My friend Peter has been telling me for months that I would love the Queen of Cups Tea Room in Greenfield, Massachusetts. It takes me a while to get ANYWHERE, however, so I only recently managed to darken the Queen’s doorway.
As usual, Peter was right: I was enchanted by the food; by the shop’s owner, Becca Byram; and by the way the place looks
Decorative plates, cups, and teapots line the walls and the shelves. A leather chair sits in one corner waiting for a solitary tea drinker. Linen-covered tables welcome small groups of sippers. In the back of the shop a counter displays baked goods, particularly Becca’s beloved scones and cookies.
Becca has lived in the United States for almost 20 years. A musician from Worcestershire, England, she married an American and lived for many years in urban areas in this country.
Almost ten years ago she and her husband visited the home of his relatives in Deerfield, Massachusetts. They fell in love with New England, which resembles Becca’s native county. “It has the same kind of farms and the same kind of hillsides,” she told me with a smile on her face.
She and her husband had already started a family—they now have a ten year old and a seven year old—and decided they wanted to raise that family in the area.
As the children grew older and her musician husband continued to travel, Becca longed to find an occupation that would keep her near home and would make her available to her offspring in the evenings.
The Queen of Cups sprang from that desire—and from an observation Becca had made when friends and family visited from England. “I realized that there wasn’t anywhere within at least 40 miles where I could take them for a nice cup of tea,” she explained.
An avid baker like her mother and grandmother before her, she welcomed the opportunity to tie on her apron and bake goodies to accompany those nice cups of tea.
She told me that people often give her plates and cups to fill out the tea room. “They like to see their things displayed.”
When asked about the name of the tea room, Becca laughed. “I am a queen of cups because I have a massive collection of cups!”
She added that she adapted the Queen of Cups Tarot card for her logo. “The Queen of Cups in the card is holding a chalice. Mine is holding a teacup.”
I asked Becca who her customers are. “People who like tea shops LIKE tea shops,” she informed me, “and they will make pilgrimages to find them.”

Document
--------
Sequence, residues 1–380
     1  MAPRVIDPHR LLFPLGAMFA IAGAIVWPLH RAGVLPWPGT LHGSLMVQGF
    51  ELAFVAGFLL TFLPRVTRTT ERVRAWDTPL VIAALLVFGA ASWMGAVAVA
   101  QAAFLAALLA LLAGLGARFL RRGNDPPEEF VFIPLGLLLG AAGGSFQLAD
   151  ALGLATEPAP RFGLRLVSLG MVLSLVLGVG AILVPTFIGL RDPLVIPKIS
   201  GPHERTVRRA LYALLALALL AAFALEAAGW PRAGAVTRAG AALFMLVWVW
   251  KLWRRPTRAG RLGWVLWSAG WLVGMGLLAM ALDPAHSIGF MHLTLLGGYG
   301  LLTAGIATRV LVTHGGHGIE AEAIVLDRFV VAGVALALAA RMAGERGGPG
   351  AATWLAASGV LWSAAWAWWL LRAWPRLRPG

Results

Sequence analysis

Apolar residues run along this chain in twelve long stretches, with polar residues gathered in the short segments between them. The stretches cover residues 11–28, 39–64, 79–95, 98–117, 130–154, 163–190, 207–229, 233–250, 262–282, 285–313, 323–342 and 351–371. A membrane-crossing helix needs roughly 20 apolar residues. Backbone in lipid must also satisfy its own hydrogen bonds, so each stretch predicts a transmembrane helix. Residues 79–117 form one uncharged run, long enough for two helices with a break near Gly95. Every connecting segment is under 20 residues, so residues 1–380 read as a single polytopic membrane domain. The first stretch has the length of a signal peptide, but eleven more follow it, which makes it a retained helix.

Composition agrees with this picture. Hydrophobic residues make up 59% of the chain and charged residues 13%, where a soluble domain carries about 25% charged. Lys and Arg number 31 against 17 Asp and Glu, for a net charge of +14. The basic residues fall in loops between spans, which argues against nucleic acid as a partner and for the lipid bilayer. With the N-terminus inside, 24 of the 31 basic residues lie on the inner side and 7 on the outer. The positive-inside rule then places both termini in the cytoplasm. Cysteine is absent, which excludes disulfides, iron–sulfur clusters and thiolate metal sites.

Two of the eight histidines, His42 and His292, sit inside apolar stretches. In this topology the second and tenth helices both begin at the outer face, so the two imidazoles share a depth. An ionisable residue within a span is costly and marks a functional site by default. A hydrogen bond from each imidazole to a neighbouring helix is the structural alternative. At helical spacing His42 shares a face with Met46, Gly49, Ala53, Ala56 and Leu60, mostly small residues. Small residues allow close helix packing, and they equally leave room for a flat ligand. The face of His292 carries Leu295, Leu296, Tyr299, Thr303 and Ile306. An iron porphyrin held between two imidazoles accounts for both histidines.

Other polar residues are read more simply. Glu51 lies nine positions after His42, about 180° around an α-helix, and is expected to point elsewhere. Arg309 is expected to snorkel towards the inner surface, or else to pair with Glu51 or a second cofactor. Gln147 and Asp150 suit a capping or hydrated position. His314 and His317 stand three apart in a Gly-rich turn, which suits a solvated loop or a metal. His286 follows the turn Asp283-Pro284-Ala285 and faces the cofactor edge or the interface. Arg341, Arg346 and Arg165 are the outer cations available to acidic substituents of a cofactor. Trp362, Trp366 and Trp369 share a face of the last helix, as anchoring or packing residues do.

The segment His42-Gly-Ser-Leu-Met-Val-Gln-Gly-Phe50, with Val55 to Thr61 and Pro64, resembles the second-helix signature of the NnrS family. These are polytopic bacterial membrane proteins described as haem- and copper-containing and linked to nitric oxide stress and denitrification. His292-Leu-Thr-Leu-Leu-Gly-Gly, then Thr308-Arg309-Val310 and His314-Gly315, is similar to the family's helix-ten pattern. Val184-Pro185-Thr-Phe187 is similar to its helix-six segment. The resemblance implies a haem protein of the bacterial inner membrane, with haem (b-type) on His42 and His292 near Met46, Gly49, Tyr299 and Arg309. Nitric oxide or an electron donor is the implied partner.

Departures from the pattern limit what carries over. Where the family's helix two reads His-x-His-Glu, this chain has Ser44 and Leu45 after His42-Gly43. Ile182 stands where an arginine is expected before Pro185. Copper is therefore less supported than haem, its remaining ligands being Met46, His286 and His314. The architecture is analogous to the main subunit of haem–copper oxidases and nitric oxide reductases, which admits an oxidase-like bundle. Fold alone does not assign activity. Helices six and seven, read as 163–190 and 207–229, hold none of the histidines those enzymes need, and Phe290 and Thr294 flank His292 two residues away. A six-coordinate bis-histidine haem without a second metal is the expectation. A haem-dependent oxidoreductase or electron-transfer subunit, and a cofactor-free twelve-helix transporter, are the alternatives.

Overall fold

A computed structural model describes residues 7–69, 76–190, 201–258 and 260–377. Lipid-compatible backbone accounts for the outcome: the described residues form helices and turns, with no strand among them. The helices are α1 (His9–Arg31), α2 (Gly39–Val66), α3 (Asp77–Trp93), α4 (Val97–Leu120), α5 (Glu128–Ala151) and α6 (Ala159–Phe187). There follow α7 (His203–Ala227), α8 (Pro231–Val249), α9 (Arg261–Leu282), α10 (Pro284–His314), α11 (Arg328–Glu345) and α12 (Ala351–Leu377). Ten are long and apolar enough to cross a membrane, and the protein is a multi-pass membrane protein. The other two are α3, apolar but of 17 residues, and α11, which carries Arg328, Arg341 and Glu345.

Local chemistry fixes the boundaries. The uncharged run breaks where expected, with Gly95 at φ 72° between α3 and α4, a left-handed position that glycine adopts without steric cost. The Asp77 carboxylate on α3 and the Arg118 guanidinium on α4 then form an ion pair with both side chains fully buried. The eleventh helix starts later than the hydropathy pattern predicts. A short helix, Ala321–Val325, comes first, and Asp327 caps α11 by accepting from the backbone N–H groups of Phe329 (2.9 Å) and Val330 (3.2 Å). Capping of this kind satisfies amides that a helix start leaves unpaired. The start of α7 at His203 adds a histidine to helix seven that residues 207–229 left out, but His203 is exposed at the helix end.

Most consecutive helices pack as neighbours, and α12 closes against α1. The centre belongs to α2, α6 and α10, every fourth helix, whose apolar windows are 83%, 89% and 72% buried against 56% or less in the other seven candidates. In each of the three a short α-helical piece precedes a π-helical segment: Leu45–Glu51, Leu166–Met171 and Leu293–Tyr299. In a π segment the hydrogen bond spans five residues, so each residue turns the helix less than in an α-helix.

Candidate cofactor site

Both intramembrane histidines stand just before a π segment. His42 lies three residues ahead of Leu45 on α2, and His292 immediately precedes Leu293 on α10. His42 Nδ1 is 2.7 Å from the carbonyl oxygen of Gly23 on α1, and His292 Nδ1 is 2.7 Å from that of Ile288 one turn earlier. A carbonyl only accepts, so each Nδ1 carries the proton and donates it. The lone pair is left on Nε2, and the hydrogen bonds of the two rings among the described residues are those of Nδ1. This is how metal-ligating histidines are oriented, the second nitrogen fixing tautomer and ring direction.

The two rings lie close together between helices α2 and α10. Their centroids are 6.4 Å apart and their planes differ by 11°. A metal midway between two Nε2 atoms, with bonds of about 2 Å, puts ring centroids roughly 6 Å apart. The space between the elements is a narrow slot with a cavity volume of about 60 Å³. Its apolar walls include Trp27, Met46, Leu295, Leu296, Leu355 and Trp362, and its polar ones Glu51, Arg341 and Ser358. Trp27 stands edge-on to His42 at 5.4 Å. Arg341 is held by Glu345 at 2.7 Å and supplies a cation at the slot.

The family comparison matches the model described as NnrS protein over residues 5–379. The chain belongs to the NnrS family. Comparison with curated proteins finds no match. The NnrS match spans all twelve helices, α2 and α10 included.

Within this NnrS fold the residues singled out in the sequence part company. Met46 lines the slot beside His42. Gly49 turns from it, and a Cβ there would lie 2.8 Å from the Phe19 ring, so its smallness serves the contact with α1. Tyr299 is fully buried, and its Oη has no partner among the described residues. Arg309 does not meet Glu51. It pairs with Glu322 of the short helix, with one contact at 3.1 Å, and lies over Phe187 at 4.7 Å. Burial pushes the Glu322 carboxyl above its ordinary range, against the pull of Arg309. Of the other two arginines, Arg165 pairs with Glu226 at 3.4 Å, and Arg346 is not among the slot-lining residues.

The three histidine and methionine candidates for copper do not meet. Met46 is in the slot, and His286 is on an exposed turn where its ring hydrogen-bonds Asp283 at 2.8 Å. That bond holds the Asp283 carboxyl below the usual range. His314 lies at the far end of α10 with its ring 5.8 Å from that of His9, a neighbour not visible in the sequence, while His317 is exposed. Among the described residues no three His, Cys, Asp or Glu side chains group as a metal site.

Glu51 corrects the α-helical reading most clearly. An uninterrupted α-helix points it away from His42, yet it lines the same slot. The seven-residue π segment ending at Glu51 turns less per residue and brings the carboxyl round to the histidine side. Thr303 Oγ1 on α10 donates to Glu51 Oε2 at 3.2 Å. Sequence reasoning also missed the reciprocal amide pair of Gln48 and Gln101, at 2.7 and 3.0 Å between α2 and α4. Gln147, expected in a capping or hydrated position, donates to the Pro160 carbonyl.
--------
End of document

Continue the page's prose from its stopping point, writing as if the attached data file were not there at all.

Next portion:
She says she gets a lot of references from a site called TeaMap, which lists tea rooms by location. Her customers are looking for “tea in a teapot and brewed at the right temperature.”
I am not a tea drinker, alas, but I do love sweets. I convinced Becca to give me her recipe for Jammie Dodgers, the English equivalent of Linzer Tarts.
Along with the formula for the cookies Becca shared her philosophy about recipes: “Very often, bakers guard their recipes as if their very livelihood depended on it. Personally, I have found that many of the greatest recipes are free. This one came originally from the back of a Tate & Lyon sugar packet in England, found by my mother in 1972.
“My family has enjoyed this recipe for years. I hope you do, too.”
I have to be frank and tell you that when I made these cookies they were much less lovely than Becca’s creations. And the jam (I didn’t have raspberry so I used strawberry) got a bit runny. They tasted absolutely wonderful, however. The cornstarch in the recipe gives them a unique, delicate texture.
1 cup confectioner’s sugar
1 cup cornstarch
2 cups flour
3 sticks (3/4 pound) unsalted butter, softened
1 tablespoon water
jam as needed (Becca likes to use seedless raspberry)
more confectioner’s sugar for dusting
In a large bowl mix all ingredients (except the jam and final sugar!) until they come together in a soft ball.
Wrap the ball in waxed paper and refrigerate for 1 hour.
Preheat the oven to 350 degrees.
Remove the dough from its wrapping and place it on a lightly floured board. Whack it briefly with your rolling pin to start to loosen it up.
Roll the dough out until it is 1/8 to 1/4 inch thick. Be sure to turn the dough 45 degrees with each roll to keep it even. If your rolling pin starts getting sticky, it’s perfectly all right to use your hands to roll the dough instead.
Use your favorite cookie cutter to cut out shapes. (A the tea shop they use a heart-shaped cutter). Cut out a smaller shape in the center of half of the cookies.
Place the unbaked cookies on parchment-covered sheets. (I used my silicone baking mat.) They do not expand in the oven so they may be reasonably close together.
Bake the cookies (including the small cut-outs, which you may use for decorating pastry or just eat!) for five to ten minutes, or until they are lightly browned. “Keep your eye on them—they bake fast!” Becca Byram cautioned. “Don’t make a cup of coffee because it will take too long.”
Let the cookies sit on their pans above a cooling rack for 20 to 25 minutes before removing.
Just before serving cover the cookies that don’t have shapes cut out of them with a dab of jam; then cover the jam with the cut-out cookies so that the jam peeks through.
Dust with confectioner’s sugar and serve.
Makes about a dozen cookies (more or less, depending on the size of one’s cookie cutters).